To convert Hansen’s figures to a per-square-metre value, the global surface area is 5.11e+14 square metres … which means that Hansens dreaded 400,000 Hiroshima bombs per day works out to 0.6 watts per square metre … in other words, Hansen wants us to be very afraid because of a claimed imbalance of six tenths of a watt per square metre in a system where the downwelling radiation is half a kilowatt per square metre … we cannot even measure the radiation to that kind of accuracy.

    w.

  27. bvdeenen says:

    Napkin calculation, no calculator needed: Hiroshima was ca. 63 TJ = 6E13J. The earths circular area is 3 * (6E6m)^2 = 1E14m2. The suns TSI is ca 1kW = 1E3 J/s, so the earth gets ca 1E17 J/s on the sunlit side, so the sun explodes about 1E17/6E13 = 1E3 Hiroshima atomic bombs on this planet. EVERY SECOND.

    Mr. Hansen: the sun explodes about a thousand Hiroshima bombs on this planet. EVERY SECOND. DO something about it!

  28. beesaman says:

    It should be Omgwtfs….

  29. Olaf Koenders says:

    Maybe we should equate Hansen’s dribblings to unicorn farts..

  30. WTF says:

    How do you convert Suzuki’s and Gore’s into Hansen’s? What is the exchange rate? ;-))

  31. bvdeenen says:

    Here is my napkin calculation, no calculator needed: Hiroshima was ca. 63 TJ = 6E13J. The earths circular area is 3 * (6E6m)^2 = 1E14m2. The suns TSI is ca 1kW = 1E3 J/s, so the earth gets ca 1E17 J/s on the sunlit side, so the sun explodes about 1E17/6E13 = 1E3 Hiroshima atomic bombs on this planet. EVERY SECOND.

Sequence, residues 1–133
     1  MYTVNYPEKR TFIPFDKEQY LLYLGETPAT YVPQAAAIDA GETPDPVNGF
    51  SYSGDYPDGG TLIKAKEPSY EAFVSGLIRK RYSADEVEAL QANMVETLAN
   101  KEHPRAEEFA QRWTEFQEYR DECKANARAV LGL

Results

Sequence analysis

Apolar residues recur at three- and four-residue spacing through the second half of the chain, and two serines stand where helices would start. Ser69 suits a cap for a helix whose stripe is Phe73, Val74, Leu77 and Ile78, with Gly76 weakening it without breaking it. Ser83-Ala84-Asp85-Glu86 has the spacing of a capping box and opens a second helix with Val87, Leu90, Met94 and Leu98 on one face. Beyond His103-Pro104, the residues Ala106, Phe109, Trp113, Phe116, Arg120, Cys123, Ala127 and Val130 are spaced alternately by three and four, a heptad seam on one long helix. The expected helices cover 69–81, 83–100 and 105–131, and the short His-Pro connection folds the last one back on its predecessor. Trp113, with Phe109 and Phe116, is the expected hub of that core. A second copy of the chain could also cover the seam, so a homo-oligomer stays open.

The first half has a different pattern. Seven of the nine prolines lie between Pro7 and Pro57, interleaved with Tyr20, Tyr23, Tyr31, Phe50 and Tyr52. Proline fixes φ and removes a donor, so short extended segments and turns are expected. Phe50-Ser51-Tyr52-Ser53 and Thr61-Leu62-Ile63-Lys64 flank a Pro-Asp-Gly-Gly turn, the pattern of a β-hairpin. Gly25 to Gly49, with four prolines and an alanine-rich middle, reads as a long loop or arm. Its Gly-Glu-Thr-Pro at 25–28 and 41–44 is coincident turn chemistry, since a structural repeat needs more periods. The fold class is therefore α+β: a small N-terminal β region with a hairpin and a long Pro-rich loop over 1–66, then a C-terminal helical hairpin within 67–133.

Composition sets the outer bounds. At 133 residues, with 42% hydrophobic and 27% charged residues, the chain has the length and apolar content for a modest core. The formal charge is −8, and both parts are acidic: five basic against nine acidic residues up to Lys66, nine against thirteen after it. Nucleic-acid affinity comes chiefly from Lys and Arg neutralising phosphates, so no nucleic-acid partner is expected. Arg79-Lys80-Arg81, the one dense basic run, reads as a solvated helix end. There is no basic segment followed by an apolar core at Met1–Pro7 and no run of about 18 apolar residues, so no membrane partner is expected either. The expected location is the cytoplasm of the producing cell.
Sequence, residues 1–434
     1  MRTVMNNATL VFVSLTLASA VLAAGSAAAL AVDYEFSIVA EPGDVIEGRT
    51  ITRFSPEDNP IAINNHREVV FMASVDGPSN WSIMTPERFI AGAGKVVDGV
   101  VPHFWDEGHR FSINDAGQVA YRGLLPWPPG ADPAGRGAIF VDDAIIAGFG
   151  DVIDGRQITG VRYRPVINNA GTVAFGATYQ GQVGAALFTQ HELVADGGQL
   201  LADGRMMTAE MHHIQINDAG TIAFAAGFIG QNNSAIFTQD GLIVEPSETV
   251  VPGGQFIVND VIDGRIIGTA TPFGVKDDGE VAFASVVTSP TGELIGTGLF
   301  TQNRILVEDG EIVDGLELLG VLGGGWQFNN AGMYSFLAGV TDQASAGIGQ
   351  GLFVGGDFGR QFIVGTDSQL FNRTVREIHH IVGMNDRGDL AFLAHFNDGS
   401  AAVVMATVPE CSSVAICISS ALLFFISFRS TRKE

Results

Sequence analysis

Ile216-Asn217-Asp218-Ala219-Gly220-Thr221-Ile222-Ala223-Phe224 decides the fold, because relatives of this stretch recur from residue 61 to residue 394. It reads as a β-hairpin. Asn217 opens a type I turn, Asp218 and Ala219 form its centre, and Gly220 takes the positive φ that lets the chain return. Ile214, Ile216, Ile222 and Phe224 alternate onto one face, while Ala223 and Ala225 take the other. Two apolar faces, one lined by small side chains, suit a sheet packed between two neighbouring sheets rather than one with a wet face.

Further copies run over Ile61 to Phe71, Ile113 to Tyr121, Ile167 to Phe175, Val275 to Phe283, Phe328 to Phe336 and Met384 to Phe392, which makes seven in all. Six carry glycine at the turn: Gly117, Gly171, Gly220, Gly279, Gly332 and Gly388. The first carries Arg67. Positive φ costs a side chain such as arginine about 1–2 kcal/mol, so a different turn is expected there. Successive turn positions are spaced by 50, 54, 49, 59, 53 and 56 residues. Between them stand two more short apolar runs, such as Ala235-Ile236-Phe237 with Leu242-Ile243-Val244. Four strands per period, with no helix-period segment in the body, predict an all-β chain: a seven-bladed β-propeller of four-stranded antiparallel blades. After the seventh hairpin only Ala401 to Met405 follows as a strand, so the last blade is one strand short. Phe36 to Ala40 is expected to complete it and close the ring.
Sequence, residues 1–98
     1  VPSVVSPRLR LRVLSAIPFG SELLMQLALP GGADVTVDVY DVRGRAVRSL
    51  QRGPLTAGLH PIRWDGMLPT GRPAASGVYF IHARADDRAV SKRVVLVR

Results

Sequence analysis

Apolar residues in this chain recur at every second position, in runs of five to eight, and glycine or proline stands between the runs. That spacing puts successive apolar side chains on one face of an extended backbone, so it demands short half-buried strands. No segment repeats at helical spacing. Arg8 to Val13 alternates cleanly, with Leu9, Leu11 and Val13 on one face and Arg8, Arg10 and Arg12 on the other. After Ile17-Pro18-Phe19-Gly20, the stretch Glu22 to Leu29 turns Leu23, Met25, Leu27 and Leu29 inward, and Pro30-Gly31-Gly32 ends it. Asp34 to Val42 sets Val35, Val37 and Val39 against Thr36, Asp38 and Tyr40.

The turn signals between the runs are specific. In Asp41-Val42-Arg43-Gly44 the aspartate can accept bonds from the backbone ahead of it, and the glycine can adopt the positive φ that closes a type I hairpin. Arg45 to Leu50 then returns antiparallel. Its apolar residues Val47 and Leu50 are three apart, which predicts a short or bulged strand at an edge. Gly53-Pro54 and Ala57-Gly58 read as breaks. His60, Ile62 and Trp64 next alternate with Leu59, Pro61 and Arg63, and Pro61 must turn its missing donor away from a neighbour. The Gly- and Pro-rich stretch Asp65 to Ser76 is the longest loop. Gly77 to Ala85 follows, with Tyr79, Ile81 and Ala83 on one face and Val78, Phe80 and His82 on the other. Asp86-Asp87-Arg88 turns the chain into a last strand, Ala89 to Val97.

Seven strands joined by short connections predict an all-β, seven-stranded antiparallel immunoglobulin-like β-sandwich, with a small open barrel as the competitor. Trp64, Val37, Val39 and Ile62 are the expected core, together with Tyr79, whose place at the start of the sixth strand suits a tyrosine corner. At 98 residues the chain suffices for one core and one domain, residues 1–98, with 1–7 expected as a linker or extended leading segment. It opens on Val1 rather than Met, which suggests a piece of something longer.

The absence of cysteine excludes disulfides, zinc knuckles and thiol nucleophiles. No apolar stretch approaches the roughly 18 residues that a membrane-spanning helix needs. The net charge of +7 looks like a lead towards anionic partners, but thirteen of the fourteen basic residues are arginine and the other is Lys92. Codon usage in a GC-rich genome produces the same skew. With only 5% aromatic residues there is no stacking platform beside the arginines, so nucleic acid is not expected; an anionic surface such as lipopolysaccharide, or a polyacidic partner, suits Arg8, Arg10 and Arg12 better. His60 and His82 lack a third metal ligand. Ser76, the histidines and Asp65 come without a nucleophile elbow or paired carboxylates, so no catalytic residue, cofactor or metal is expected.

32. Werner Brozek says:

    equivalent to exploding 400,000 Hiroshima atomic bombs per day 365 days per year. That’s how much extra energy Earth is gaining each day.

    Even if we assumed this to be true, what is the problem? Let us assume this heat is all going into the ocean. (It certainly has not warmed the air over the last 10 to 15 years!)

    The energy of one bomb is 6.3 x 10^10 kJ, so in one year, that would be 6.3 x 10^10 kJ x 400,000 x 365.24.
    The mass of the ocean is 1.4 x 10^21 kg and its specific heat is about 4 kJ/kgK. So we can equate
    6.3 x 10^10 kJ x 400,000 x 365.24 = 1.4 x 10^21 kg x 4 kJ/kgK x change in t. The temperature change turns out to be 0.0016 C per year. At this rate, it would take over 600 years to warm 1 C.

  33. Jos says:

    Did a quick math calculation based on Levitus 1993-2010, approximately 10 ZJ (10^21 J) per year, which gives you about 2.7 10^19 Joules over a day. Given Hiroshima produced 63 TJ (63 10^12), you get 434877 Hiroshimas.

    Yep, calculation is correct. But what is the point?

  34. Chris B says:

    Could we have that in Manhattans of ice melted please. I was raised on the old system.

  35. tty says:

    0,6 Watt increase per day equals 220 W after a year, and since the Earth only receives about 340 W per square meter as it is, Hansen’s figures implies that we may expect the oceans to start boiling in August or September.

  36. majormike1 says:

    As always, when Willis has his say there is not much more that needs to be said.

    Thanks, Willis, from your Gualala neighbor.

  37. Mike McMillan says:

    Inspirational image behind Hansen. Thanks.
    Mike
    ex B-52 driver

  38. scadsobees says: